The next step, which is optional but often helpful, is to tell the other person your side of the story. You can watch the video below to see several people practicing explaining what happened, naming the impact on them, and sharing how and why they forgive somebody in their lives. It’s a short watch, full of compelling examples of how forgiving someone, even if they’re not there to be forgiven, can bring us greater peace. Just like in the video, you might get relief from forgiving somebody from a distance.
Video: The Power of Forgiveness
How to Get Forgiveness From Someone
Before you try to ask for forgiveness, there are some helpful questions to ask yourself (Holmgren, 2002). First, you can check to see whether you are rationalizing that your behavior was okay – are you holding on to the belief that you didn’t do anything wrong? You might also ask yourself if you are hesitating to take full responsibility for your role in what happened. Finally, you can check to see if you have any judgments of the other person that might make it hard to ask for forgiveness. Do you think the other person is overreacting or does not have a right to be upset? It might help to talk about your answers to these questions with a trusted friend, loved one, or mentor before you ask for forgiveness.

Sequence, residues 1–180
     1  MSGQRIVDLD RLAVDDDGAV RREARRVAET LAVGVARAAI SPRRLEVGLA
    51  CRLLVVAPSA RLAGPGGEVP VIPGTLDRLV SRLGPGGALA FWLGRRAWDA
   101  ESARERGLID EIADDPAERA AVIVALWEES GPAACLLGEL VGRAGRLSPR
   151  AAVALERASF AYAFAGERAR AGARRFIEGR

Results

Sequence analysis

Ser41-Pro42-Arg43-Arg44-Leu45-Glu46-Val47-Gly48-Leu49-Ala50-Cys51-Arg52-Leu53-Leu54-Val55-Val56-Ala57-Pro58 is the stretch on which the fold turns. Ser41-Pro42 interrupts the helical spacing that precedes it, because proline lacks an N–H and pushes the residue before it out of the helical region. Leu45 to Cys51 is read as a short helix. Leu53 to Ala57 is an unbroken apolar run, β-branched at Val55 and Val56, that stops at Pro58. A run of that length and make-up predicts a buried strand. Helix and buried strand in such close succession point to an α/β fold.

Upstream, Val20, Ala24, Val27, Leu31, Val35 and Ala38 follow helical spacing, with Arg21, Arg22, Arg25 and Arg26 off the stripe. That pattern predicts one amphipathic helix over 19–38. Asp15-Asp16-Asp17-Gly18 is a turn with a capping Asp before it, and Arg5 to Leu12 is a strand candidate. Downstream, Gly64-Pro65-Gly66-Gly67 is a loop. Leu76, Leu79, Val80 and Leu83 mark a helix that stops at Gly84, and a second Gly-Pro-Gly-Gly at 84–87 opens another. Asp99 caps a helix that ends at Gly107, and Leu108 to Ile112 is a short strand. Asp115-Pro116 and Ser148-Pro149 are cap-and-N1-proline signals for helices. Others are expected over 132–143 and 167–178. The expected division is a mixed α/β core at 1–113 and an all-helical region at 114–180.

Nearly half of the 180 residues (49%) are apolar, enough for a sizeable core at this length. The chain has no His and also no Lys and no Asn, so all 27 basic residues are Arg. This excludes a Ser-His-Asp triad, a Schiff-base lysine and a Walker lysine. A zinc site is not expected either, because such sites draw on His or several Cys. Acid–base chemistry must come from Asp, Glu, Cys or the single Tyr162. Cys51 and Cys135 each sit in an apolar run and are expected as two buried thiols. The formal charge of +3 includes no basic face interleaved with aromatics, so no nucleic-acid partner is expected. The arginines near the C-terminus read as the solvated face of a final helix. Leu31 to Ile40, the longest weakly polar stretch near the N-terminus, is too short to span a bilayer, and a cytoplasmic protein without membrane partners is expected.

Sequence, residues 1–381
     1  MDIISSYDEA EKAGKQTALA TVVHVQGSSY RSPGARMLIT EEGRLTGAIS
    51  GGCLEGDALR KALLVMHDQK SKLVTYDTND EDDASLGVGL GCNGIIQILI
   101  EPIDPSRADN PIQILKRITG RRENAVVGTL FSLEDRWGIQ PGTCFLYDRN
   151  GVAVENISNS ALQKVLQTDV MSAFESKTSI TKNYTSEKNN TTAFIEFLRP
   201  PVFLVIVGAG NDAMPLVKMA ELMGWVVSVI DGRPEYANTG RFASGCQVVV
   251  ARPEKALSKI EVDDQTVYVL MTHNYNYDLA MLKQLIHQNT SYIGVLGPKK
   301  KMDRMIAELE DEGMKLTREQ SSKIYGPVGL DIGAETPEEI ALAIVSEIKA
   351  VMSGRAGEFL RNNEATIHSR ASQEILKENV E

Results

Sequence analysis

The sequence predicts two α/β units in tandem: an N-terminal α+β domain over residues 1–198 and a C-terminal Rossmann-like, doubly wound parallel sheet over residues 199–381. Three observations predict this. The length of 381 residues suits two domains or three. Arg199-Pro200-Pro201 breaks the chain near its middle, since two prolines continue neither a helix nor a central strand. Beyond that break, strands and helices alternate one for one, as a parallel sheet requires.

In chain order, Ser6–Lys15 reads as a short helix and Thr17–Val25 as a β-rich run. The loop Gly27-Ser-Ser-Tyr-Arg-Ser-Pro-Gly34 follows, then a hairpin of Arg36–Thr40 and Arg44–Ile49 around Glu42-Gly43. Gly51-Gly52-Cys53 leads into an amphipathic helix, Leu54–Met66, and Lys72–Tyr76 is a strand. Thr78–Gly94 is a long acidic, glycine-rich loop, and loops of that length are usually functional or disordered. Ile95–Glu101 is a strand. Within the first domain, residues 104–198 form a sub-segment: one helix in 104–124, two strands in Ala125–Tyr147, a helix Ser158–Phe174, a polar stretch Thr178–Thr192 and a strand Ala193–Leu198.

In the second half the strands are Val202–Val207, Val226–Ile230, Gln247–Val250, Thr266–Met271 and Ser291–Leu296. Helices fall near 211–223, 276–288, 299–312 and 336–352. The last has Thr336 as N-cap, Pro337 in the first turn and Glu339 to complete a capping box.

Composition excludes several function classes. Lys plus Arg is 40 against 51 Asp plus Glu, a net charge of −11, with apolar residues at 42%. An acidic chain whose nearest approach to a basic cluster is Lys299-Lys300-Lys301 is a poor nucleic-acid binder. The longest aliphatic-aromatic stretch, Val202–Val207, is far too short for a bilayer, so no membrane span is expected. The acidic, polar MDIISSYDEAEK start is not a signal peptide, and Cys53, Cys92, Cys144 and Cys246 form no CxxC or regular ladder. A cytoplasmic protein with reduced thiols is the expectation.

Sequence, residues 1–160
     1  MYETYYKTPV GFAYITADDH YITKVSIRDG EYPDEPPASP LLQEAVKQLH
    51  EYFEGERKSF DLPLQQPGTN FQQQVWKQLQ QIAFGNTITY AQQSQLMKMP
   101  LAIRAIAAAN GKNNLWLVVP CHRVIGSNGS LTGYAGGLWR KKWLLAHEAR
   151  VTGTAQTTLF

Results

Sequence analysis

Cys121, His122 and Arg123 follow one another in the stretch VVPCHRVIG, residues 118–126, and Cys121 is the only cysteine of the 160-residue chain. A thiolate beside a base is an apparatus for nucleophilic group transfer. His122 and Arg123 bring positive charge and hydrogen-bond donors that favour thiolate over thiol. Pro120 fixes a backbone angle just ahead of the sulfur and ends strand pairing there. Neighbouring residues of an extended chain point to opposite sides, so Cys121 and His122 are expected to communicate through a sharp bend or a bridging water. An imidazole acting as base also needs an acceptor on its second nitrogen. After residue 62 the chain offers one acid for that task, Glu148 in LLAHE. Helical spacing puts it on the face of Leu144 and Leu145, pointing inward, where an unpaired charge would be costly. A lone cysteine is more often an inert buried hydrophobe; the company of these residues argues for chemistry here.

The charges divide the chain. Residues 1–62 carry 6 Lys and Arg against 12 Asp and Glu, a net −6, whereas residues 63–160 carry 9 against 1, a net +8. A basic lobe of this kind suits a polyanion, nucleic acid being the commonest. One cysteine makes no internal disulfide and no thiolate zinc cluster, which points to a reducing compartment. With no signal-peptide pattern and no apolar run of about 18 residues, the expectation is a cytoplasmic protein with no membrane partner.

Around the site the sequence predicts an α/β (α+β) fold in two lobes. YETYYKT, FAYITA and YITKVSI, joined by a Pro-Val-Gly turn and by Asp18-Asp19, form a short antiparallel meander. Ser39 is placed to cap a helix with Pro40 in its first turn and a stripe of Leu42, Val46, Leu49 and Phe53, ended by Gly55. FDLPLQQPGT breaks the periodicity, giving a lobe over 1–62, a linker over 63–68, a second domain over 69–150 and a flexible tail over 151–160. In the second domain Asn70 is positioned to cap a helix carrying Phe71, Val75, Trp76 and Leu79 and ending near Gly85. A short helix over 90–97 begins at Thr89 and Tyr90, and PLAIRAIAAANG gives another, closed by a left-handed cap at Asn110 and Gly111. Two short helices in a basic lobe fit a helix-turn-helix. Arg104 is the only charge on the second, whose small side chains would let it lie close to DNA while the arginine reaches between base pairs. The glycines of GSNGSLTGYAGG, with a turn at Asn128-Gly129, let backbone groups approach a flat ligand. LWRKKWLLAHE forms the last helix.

Once you have answered those questions to your own satisfaction, here are four steps you can use to get forgiveness from someone (Cornish & Wade, 2015):
1) Take responsibility. Acknowledge what you did and what the consequences were for the other person. Do not focus on any responsibility they might share for what happened, even if you think they are also to blame.